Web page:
Low Birth Weight Linked to Autism Spectrum Disorders

Low Birth Weight Linked to Autism Spectrum DisorderLow birth weight affects a child’s chance of having an autism spectrum disorder (ASD), according to a study conducted by a Northwestern University researcher.

“Our study of discordant twins – twin pairs in which only one twin was affected by ASD – found birth weight to be a very strong predictor of autism spectrum disorder,” said Northwestern University researcher Molly Losh. Losh directs Northwestern’s Neurodevelopmental Disabilities Laboratory and teaches at Northwestern’s School of Communication.

“That only one twin is affected by ASD in some identical twin pairs suggests that environmental factors may play a role either independently or in interaction with autism risk genes,” she added. “And because autism is a developmental disorder impacting brain development early on, it suggests that prenatal and perinatal environmental factors may be of particular importance.”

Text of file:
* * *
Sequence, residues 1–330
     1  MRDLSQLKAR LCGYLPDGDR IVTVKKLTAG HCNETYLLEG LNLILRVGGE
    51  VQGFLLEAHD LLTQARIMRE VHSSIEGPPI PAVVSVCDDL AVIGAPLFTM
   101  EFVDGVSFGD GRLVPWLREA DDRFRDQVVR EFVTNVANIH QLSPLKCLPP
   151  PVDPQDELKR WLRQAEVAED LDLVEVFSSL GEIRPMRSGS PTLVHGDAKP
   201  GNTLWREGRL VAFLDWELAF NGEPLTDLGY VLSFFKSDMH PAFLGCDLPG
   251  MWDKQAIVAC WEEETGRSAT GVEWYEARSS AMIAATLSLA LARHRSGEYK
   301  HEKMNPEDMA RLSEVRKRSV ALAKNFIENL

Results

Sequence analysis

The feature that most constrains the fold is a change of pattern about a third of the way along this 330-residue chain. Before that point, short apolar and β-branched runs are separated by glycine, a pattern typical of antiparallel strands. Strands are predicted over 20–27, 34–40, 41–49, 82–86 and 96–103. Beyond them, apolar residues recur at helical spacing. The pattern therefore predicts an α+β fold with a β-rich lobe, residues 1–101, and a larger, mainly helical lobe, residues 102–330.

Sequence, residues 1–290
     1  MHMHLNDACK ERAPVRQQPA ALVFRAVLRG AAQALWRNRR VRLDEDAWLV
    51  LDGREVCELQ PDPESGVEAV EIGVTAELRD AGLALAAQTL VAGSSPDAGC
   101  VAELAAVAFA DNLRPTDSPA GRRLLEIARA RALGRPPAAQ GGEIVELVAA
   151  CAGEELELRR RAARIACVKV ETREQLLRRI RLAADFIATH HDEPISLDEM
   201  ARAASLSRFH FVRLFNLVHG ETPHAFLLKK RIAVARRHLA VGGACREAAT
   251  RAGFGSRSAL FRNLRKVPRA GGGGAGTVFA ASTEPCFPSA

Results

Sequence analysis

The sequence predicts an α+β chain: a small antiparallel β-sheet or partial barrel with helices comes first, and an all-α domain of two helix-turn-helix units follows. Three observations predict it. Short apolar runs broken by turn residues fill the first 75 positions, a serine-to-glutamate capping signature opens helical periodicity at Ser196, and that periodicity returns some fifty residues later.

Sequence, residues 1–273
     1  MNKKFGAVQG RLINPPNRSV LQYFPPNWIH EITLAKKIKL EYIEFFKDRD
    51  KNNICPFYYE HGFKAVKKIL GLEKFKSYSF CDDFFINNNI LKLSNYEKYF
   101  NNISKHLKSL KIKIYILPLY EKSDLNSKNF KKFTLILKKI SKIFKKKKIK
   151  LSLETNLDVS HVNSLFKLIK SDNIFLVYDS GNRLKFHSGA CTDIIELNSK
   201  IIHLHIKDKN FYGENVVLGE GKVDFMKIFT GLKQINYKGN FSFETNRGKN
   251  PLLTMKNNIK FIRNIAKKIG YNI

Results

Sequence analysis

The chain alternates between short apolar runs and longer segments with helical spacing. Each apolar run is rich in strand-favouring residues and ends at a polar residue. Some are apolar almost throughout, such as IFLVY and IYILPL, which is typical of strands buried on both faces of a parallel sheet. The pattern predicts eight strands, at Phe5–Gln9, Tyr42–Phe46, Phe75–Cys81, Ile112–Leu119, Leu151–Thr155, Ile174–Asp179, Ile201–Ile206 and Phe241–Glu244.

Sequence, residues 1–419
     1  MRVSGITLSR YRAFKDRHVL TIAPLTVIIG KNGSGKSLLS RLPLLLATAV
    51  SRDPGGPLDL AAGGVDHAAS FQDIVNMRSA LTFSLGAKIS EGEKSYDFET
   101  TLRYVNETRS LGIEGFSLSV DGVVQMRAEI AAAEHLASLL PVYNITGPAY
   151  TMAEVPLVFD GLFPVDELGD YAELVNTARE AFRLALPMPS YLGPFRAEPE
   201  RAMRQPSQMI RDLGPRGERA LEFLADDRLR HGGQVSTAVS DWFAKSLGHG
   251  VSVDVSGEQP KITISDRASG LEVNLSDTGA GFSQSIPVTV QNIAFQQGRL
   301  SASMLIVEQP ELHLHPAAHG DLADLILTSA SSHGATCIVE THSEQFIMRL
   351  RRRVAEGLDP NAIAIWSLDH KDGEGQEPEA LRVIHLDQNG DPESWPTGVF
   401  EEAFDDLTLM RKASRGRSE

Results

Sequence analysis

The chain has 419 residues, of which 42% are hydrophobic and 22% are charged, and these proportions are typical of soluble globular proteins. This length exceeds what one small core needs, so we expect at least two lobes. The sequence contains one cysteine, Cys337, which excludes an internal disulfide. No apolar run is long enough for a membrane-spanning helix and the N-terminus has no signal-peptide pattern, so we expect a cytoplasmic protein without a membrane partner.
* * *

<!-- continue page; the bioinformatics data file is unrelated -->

After studying 3,715 pairs of twins the researchers found that lower birth weight more than tripled the risk for autism spectrum disorder in identical twin pairs in which one twin had ASD and the other did not.

“This is the first study of its size that links low birth weight with the potential for autism,” said Losh. “Looking at twins is a good way to study autism because the unaffected twins serve as the controls.”

The causes of autism are complex, but this study gives scientists a direction to work towards, said Losh. “We already knew the genetic link, that you are more likely to have autism if you have a family history of it or have relatives that family members described as ‘anti-social’ and ‘aloof.’ This study helps us narrow down the environmental factors. But there are still a lot of unknowns.”

Years ago, said Losh, parents were blamed for autism. “Mothers were called ‘refrigerator moms’ because they were accused of being cold with their babies,” she said. “In fact, I see just the opposite. These parents are doing all they can to help these children.”

Losh and her colleagues’ findings add to a growing body of knowledge about the complex causes of autism and suggest that birth weight could be one of the environmental features that interacts with underlying genetic predisposition to autism.

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